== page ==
Non-model models, preprints, and the fruit of the translational tree

Earlier this week the annual meeting of the American Society for Cell Biology was held in San Francisco. In attendance was Associate Editor for BMC Biology, Graham Bell, and here he discusses some of the meeting's highlights, and lessons for 2017

From Wikipedia
Peter Walter, President of the ASCB
From Wikipedia

Oxford Dictionaries has picked “post-truth” as the Word of the Year – what a sorry state of affairs, laments ASCB President Peter Walter, encouraging the community to come together and stand up for science and evidence-based learning. And with that, the 27th annual meeting of the American Society of Cell Biology kicked off in San Francisco.

Always a highlight of the year, the meeting brings together thousands of biologists from across the globe to present and discuss a scope far wider than just cell biology, a theme evident from the fascinating, and in some cases bewildering, range of sessions.

Water bears and virgin births

From Wikipedia
Tardigrades, affectionately known as water bears, are among the hardiest animals on earth
From Wikipedia

In truth, the meeting began before Walter’s introduction, with the ‘special interest’ sub-groups. ‘Special’ should be read as ‘outstanding’ rather than ‘niche’, as talks on non-model model organisms in particular shone. ‘Water bears’ able to survive 1 degree Kelvin temperatures and the vacuum of space; the virgin birth as illuminated by ants and bees; and remarkable regenerative powers of Stentor were just three examples illustrated by speakers where organisms’ quirky features can be used to address unresolved and fascinating questions in biology.

Spreading the message

Perhaps the most important session of the conference, and deserving of a more prominent position, was on the place of preprints in publishing. Prachee Avasthi and ASAPBio director Jessica Polka were joined by a diverse cast of new and established scientists, editors and tool-builders, including bioRxiv founders Richard Sever and John Inglis, to explain how best to use – and promote – servers allowing immediate and free distribution of research findings.

Researchers, funding agencies and journals all have parts to play in promoting preprints

BioRxiv, one of the major preprint servers for biology research
BioRxiv, one of the major servers hosting free preprints in the life sciences
From Wikipedia

A key message was how to integrate preprints into the ‘established’ model of disseminating science, and the need for a combined effort from funders and grants agencies, journals and scientists to reach critical mass faster than will already inevitably happen.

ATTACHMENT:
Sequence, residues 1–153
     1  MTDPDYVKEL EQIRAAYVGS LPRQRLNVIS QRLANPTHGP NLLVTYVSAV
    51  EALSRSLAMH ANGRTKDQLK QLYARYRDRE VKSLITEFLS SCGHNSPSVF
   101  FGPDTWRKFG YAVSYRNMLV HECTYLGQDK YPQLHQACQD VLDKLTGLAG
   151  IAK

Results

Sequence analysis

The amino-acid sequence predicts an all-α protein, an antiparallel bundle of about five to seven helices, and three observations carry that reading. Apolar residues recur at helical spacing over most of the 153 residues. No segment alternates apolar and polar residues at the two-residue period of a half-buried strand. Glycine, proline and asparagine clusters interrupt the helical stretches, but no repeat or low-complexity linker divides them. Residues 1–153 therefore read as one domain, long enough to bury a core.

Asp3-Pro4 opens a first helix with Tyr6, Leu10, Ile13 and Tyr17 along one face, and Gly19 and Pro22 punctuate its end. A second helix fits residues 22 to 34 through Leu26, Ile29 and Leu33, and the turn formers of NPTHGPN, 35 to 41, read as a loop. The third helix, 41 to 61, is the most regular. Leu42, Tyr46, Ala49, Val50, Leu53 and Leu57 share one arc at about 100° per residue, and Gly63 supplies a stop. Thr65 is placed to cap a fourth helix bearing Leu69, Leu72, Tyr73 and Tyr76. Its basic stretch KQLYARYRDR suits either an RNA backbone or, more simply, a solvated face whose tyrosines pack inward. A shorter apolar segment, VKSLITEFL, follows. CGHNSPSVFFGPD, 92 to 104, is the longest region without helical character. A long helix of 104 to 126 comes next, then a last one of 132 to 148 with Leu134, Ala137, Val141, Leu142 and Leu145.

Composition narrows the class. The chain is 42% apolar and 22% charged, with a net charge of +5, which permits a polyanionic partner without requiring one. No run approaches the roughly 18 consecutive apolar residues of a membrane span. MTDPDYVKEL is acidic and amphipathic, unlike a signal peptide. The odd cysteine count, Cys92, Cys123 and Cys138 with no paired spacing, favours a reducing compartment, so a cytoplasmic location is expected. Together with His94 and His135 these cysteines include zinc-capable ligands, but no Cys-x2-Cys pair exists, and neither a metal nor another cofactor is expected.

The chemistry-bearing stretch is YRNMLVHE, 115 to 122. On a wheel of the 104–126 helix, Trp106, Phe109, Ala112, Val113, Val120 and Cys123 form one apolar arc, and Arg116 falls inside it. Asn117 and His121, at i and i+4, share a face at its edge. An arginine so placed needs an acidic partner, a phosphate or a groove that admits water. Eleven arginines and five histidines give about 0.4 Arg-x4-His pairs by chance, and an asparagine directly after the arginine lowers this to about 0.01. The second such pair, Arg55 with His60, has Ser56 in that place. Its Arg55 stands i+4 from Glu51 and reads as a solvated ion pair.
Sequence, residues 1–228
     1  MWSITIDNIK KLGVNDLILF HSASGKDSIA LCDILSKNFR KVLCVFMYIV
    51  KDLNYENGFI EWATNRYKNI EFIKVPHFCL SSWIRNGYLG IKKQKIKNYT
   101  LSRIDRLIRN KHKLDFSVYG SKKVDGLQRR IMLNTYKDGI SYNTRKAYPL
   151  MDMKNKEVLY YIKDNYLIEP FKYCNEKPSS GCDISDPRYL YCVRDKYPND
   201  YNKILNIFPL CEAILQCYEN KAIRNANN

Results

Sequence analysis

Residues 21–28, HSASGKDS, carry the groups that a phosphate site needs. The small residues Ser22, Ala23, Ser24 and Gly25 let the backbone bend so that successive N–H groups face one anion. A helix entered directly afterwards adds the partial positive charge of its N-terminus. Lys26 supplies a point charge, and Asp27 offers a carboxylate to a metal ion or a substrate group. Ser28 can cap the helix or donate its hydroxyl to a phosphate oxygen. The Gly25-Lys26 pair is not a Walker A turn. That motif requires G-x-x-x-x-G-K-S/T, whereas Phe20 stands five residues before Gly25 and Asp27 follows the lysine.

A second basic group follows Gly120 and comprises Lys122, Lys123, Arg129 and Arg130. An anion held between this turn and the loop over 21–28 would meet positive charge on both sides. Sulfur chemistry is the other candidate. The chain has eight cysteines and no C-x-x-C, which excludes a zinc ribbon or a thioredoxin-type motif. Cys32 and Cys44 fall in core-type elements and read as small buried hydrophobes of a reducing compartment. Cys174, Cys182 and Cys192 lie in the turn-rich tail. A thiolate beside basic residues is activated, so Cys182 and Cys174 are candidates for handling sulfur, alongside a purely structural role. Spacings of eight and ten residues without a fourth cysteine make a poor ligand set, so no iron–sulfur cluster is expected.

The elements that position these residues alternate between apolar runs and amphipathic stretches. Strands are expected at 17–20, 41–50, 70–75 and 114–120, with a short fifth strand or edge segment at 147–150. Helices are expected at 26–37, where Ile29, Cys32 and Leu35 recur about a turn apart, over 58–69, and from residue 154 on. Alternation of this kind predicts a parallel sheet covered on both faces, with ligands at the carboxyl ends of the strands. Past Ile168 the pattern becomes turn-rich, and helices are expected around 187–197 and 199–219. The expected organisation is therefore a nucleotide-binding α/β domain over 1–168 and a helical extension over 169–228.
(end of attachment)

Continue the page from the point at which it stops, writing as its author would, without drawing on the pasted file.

“Dark matter” literature

(At this juncture we should say of course that BMC Biology is very happy to consider preprints for submission, citation, ‘proof of priority’ – and should have news on our own integration with preprint servers soon – watch this space!)

For those already au fait with preprint servers, a talk by Ansuman Chattopadhyay highlighting search tools – infrastructure essential to navigate this growing resource, like those from HSLS and OSF  – was especially useful.

The limitations of being normal

There is no such thing as ‘applied science’ – just science, and its applications

On the science side, much emphasis was placed on integrating basic (or, better, ‘fundamental’) cell biology with applied and clinical medicine – or as Anne Bertolotti quoted Louis Pasteur: ‘“There does not exist a category of science to which one can give the name applied science. There are science and the applications of science, bound together as the fruit of the tree which bears it.”’

Sequencing patient tissues informs cell biology in health and disease
Sequencing patient tissues informs cell biology in health and disease
From BMC Medicine

Joseph Gleeson emphasised that “there’s only so much we can learn from studying ‘normal’” and how sequencing patient tissues informs cell biology, which in turn allows us to better characterise, diagnose and treat disease (in this case in neural development); whilst Laurie Glimcher of Dana Farber, in a tour de force on the history and current state of cancer immunotherapy noted that we are failing to overcome the multi-layered ‘tumour microenvironment blockade’, and called for the transformation of cancer into a chronic disease, with cell biology forming the basis of combination treatments.

Complemented by superb talks from graduate students and mammoth but surprisingly navigable poster sessions, the meeting provided an excellent platform to look forward to 2017 in science (and, hopefully, a more positive word-of-the-year).

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